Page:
Third Grade, Physics STEM Activities for Kids (39 results)

Physics is the study of matter — what is it made of? How does it behave? What laws or equations describe it? From subatomic particles, to the Big Bang, modern physicists study matter at a tremendous range of scales. There's a whole lot of interesting physics at the human scale, too.

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Have you ever ridden a roller coaster? Have you ever wanted to design your own? There are plenty of expensive toys and even video games that will let you build your own coasters—but in this project you'll make one out of paper and tape, and learn about roller coaster physics along the way! Read more
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Have you ever stretched and launched a rubber band at someone? Put that energy to good use and build a rubber band-powered cotton ball launcher in this fun activity! Read more
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Have you ever used a crazy straw? Some spiral their way up. Others have fancy colors or decorations. Some are thin and others are wide. But just about all of them leave you sipping your drink from about the same distance. Why? Wouldn't it be fun to poke your head out of an upstairs window and secretly take a sip from a drink way below? Would it even be possible? With this activity, you'll see if you can set your own record for the longest working straw! Read more
STEM Activity
Build a balloon-powered car from recycled materials in this fun activity. You can even grab a friend, build two cars, and race them against each other! Read more
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Have you ever seen pictures or videos of a roof being blown off a house during a hurricane or tornado? You might be surprised to hear that the roof is actually not pushed off by the strong winds but instead by the air inside the house! This can be explained by Bernoulli's principle, which states that fast-moving fluids or air, such as strong winds, have lower pressure than slow-moving air. In this activity you will demonstrate how balloons can be moved in a similar way. It is not quite as… Read more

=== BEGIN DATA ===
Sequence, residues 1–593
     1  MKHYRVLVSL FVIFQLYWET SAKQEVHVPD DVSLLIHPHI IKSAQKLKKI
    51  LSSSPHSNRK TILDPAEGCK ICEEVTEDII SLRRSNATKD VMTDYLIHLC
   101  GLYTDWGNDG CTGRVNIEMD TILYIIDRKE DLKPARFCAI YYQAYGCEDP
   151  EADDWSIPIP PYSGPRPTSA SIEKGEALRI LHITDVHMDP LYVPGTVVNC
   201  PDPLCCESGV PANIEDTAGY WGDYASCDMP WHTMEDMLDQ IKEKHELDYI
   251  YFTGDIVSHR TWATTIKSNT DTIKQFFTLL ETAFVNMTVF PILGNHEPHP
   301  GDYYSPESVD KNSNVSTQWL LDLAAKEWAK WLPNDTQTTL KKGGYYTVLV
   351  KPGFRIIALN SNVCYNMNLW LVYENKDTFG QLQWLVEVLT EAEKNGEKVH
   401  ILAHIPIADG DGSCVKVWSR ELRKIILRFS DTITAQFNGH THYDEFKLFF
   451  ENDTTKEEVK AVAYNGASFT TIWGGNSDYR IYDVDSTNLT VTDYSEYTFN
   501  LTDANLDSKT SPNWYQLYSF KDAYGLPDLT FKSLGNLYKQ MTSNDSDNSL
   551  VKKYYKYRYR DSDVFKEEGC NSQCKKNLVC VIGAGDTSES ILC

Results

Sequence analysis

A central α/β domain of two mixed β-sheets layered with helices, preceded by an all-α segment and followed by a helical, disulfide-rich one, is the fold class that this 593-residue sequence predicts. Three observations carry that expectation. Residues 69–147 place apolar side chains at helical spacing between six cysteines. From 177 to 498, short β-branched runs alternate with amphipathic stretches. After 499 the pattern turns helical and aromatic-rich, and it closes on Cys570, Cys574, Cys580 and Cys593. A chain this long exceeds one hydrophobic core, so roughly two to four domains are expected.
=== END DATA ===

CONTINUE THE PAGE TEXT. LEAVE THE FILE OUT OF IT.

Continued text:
STEM Activity
Catapults were mighty handy for pirates in the golden age of piracy (during the 17th century). And medieval knights used them centuries earlier for taking down massive castle walls. Even Greeks and Romans used catapults about 2,000 years ago! These simple machines are quite handy, as long as you know how to aim them! In this science activity you will try your hand at catapult technology. Can you predict where your cotton ball will land? Read more
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Have you ever seen a mobile? Not a mobile phone, but a hanging art sculpture. You might have had such a mobile in your room when you were little. These mobiles hang from the ceiling and are usually made up of many layers of rods to which lots of differently shaped objects are attached with strings. When you look at the mobile sculpture, you might wonder how it can stay balanced all the time even when it is moving in the air. In this activity, you will make your own mobile sculpture and find out… Read more
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What makes an object balanced? Look around you—most of the objects in the room are probably balanced and not on the verge of tipping over. If someone hands you an object and asks you to put it down, you probably know, without thinking about it too much, how to place it so it won't fall over. But what's the science behind how an object balances? Why do certain objects only balance on some sides and not others? Try this project to find out! Read more
STEM Activity
In this activity, you will use recyclable materials to make your own wall marble run. A marble run is a fun toy and a great way to learn about physics concepts like kinetic and potential energy. Do you think your marble will make it to the end of the track? Read more
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Did you know that the modern guitar is an instrument that dates back over 4,000 years? The first guitar music was published in 1546, during a time when guitars still had strings made from animal intestines! While guitars have a long history, they are still extremely popular in modern day music. Have you ever wondered how they make the music you listen to everyday? In this activity we're going to make our own guitars, and experiment with the different sounds we can create. Read more
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Free science fair projects.